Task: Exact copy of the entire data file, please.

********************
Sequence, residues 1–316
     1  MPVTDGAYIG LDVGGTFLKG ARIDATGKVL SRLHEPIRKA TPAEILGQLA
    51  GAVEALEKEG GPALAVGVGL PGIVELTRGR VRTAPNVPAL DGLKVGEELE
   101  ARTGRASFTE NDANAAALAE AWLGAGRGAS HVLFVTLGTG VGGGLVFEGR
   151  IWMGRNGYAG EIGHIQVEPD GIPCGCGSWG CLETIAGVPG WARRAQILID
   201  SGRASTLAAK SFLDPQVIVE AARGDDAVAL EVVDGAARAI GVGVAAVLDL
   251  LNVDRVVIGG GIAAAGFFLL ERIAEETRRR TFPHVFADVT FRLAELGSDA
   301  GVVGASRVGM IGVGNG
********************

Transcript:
Sequence, residues 1–316
     1  MPVTDGAYIG LDVGGTFLKG ARIDATGKVL SRLHEPIRKA TPAEILGQLA
    51  GAVEALEKEG GPALAVGVGL PGIVELTRGR VRTAPNVPAL DGLKVGEELE
   101  ARTGRASFTE NDANAAALAE AWLGAGRGAS HVLFVTLGTG VGGGLVFEGR
   151  IWMGRNGYAG EIGHIQVEPD GIPCGCGSWG CLETIAGVPG WARRAQILID
   201  SGRASTLAAK SFLDPQVIVE AARGDDAVAL EVVDGAARAI GVGVAAVLDL
   251  LNVDRVVIGG GIAAAGFFLL ERIAEETRRR TFPHVFADVT FRLAELGSDA
   301  GVVGASRVGM IGVGNG